UAMS Receives $5 Million Grant to Reduce Disparities in Maternal and Infant Health

By David Wise

The funding from Health Resources and Services Administration will help increase access to maternal and obstetrics care in rural communities and assist in tackling inequities in maternal health. It will also help implement the “White House Blueprint for Addressing the Maternal Health Crisis” in Arkansas.

About 700 women die each year during pregnancy or in the year after, according to HHS. Thousands of women each year have unexpected outcomes of labor and delivery with serious short- or long-term health consequences. Rural populations tend to have worse maternal health outcomes than individuals living in urban areas, and there are disparities experienced by racial and ethnic groups.

“Today, Black women are three times more likely to die from a pregnancy-related cause in this country than white women. That has to change,” said HRSA Administrator Carole Johnson. “To make meaningful change, we need to center our work on the individuals and families we are serving. The Biden-Harris administration is committed to prioritizing equity and reducing the unacceptable disparities in maternal and infant health.”

Arkansas ranks as one of the worst states in America for maternal health. In the Centers for Disease Control and Prevention’s (CDC) 2018 comparison of 26 states with available data, Arkansas had the highest maternal mortality ratio. Multiple factors contribute to Arkansas’ poor maternal health outcomes, including relatively high rates of poverty and large rural areas with limited obstetric care.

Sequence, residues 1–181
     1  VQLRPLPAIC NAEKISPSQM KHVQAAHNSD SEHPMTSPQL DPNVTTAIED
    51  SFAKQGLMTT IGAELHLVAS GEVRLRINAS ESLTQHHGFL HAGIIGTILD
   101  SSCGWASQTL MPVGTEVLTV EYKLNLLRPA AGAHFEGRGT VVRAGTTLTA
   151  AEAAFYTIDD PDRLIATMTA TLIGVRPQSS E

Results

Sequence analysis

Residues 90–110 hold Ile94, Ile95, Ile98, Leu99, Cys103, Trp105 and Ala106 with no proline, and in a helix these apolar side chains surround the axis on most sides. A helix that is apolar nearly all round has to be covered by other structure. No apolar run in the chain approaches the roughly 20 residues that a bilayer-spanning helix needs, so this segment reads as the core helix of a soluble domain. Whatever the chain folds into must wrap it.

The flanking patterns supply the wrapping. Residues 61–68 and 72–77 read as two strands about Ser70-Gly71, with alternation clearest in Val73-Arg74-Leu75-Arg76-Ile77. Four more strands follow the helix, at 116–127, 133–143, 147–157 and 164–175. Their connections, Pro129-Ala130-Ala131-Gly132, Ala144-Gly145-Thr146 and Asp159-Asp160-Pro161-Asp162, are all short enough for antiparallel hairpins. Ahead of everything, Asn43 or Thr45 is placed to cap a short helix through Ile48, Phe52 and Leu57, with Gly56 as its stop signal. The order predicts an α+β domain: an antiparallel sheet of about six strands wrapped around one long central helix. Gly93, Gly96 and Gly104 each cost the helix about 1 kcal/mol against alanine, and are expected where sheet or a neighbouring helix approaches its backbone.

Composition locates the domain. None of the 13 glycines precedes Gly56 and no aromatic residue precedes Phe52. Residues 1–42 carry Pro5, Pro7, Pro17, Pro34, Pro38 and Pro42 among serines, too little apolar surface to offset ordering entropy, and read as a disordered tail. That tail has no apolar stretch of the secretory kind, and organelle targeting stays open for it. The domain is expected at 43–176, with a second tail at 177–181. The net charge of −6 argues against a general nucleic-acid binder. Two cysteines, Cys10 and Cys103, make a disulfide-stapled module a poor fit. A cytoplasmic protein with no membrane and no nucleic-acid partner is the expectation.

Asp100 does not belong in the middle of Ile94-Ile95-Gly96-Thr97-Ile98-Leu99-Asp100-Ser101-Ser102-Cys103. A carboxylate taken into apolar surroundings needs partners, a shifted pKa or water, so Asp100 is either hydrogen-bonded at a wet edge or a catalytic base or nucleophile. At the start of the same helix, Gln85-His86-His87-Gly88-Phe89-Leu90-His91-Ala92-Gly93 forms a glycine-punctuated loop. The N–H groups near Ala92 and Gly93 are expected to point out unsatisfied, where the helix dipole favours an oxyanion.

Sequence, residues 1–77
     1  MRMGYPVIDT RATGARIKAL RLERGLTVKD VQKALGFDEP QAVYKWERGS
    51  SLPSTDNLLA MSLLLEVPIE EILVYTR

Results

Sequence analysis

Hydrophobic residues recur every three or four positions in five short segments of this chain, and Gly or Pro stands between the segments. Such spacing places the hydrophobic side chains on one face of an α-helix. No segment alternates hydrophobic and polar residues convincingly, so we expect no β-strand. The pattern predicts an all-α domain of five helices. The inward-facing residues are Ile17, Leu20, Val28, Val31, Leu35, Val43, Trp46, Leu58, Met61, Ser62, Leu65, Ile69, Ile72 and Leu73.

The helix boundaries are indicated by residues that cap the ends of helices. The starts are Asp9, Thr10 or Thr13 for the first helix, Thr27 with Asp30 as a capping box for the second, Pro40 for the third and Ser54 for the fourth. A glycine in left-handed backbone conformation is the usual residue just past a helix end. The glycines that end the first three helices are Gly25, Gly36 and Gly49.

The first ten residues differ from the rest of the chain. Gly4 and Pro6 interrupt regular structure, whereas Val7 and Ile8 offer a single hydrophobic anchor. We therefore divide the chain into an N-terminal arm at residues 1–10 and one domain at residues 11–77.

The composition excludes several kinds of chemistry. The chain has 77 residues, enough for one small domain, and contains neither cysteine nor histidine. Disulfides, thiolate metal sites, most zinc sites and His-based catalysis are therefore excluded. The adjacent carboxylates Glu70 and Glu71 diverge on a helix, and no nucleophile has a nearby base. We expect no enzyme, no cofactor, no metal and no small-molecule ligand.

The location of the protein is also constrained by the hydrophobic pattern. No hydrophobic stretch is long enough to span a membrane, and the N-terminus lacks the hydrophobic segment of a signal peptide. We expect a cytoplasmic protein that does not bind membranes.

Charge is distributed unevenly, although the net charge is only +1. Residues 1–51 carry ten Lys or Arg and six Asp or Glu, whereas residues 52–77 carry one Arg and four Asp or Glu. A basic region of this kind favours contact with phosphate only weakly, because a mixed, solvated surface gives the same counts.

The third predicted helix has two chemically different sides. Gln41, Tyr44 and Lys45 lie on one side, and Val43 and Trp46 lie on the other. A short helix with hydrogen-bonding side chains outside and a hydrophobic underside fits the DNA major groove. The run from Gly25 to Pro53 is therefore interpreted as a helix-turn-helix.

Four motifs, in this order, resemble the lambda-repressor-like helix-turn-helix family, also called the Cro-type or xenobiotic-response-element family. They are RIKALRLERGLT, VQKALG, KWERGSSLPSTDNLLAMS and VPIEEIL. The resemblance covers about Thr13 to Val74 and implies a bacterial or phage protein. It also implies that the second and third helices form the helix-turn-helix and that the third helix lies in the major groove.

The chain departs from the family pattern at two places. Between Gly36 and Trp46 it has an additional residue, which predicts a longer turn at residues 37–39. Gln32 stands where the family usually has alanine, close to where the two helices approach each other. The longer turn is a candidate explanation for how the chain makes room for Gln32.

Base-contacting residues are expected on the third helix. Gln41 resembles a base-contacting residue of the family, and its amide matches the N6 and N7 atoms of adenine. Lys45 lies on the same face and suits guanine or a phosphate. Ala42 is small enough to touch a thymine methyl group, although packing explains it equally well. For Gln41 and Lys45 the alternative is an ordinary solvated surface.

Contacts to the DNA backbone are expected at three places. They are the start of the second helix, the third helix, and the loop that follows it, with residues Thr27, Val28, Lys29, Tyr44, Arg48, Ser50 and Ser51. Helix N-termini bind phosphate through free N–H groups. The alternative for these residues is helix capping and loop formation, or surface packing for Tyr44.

To help address the great need for maternal health improvement in Arkansas, UAMS will use the HHS funding to conduct the PeRinatal IMpRovement of Outcomes and Safety for Everyone (PRIMROSE) project.

“The PRIMROSE project will address critical gaps in data systems, health services availability and quality of care to improve maternal health outcomes and reduce disparities in Arkansas,” said Jennifer Callaghan-Koru, Ph.D., associate professor at UAMS and the project’s director.

An interdisciplinary team from UAMS and the Arkansas Department of Health with expertise in clinical care, evaluation research, informatics and health policy will lead activities in the following areas:

  • establishing a state maternal health taskforce and strategic plan;
  • strengthening data systems for maternal health surveillance
  • contributing to regionalization of perinatal care;
  • supporting patient engagement in quality improvement;
  • delivering evidence-based group prenatal care to disproportionately-impacted patients in maternity care deserts; and
  • preparing emergency providers in rural areas to respond to obstetric emergencies through simulation training.

To successfully complete these activities, Callaghan-Koru said, the PRIMROSE team will build on UAMS’ strength in partnering with state agencies, health care organizations, providers and community-based groups across Arkansas. The team will also rigorously evaluate the implementation and outcomes of innovations to contribute to the evidence base for reducing maternal mortality.

“This is an important investment to help Arkansas become the healthiest place to give birth in the region,” said Nirvana Manning, M.D., medical director for the PRIMROSE project.